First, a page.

Understanding Testicular Cancer

Testicular Cancer Awareness Month, observed every April, serves as an important time to educate people about testicular cancer and shed light on the significance of early detection. 

Testicular cancer affects the testicles, the male reproductive glands in the scrotum. It can develop in one or both testicles. 


Over 90% of diagnosed testicular cancers are caused by germ cell tumors. Seminoma and nonseminoma are the two main types of germ cell tumors. Sometimes cancers can include both types of these germ cell tumors.


The different types of testicular cancer include:

  • Seminoma Germ Cell Tumors
  • Nonseminoma Germ Cell Tumors
  • Stromal Tumors


While this cancer is rare, testicular cancer is the most commonly diagnosed cancer in young and middle-aged men and responds well to treatment when detected early. It is estimated that about 1 of every 250 males will develop this disease during their lifetime. 

This is why understanding signs and symptoms and early detection is key. Regular self-exams and routine physical exams play a pivotal role in early detection. Although not all of the symptoms listed below indicate testicular cancer, it is important to see a doctor if you experience any of these symptoms. 

Signs and Symptoms:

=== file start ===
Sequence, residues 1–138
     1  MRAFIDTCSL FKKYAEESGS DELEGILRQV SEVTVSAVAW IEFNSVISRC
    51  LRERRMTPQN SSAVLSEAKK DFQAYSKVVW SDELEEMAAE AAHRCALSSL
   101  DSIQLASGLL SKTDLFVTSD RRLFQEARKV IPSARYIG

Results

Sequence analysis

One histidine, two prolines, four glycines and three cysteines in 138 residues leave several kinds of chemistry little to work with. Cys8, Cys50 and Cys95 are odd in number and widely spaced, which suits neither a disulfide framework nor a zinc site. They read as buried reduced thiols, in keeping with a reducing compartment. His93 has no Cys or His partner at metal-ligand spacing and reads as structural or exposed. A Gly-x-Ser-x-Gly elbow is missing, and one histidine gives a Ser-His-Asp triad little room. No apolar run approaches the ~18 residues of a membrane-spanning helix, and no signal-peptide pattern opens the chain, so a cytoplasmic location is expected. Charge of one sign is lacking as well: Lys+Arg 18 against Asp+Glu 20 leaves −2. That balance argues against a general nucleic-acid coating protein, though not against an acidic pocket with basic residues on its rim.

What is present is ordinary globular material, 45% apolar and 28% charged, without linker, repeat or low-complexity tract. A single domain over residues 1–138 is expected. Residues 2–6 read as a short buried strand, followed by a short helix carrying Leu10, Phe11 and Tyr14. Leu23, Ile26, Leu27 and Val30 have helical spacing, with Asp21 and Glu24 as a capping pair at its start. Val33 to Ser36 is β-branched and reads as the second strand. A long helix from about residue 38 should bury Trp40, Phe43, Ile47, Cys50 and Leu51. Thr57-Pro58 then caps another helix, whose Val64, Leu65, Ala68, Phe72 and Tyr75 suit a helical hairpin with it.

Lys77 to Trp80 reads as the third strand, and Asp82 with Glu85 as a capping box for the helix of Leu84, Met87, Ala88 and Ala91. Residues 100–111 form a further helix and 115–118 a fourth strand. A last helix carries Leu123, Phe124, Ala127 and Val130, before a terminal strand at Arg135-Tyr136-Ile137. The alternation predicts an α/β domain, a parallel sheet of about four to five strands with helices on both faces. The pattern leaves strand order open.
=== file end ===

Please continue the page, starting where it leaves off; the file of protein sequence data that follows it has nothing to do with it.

• A painless lump or swelling on either testicle. In the early stages, a testicular tumor may be about the size of a pea or a marble. 
  • Pain, discomfort, or numbness in a testicle or the scrotum, with or without swelling. 
  • Change in the way a testicle feels, size of the testicle, increased firmness in the testicle, or a feeling of heaviness in the scrotum.
  • Minor ache in the lower abdomen or groin
  • Breast growth or soreness
  • Sudden buildup of fluid in the scrotum

How Testicular Cancer is Diagnosed:

  • Physical exam
  • Blood test
  • Imaging tests, including ultrasounds or CT scans 
  • Biopsy


The type and stage of cancer determine treatment for testicular cancer. The most common treatment for early-stage testicular cancer is surgery to remove the testicle with cancer. Radiation and chemotherapy are also used to treat this disease. 


Cancer.Net: Testicular Cancer

American Cancer Society: Testicular Cancer


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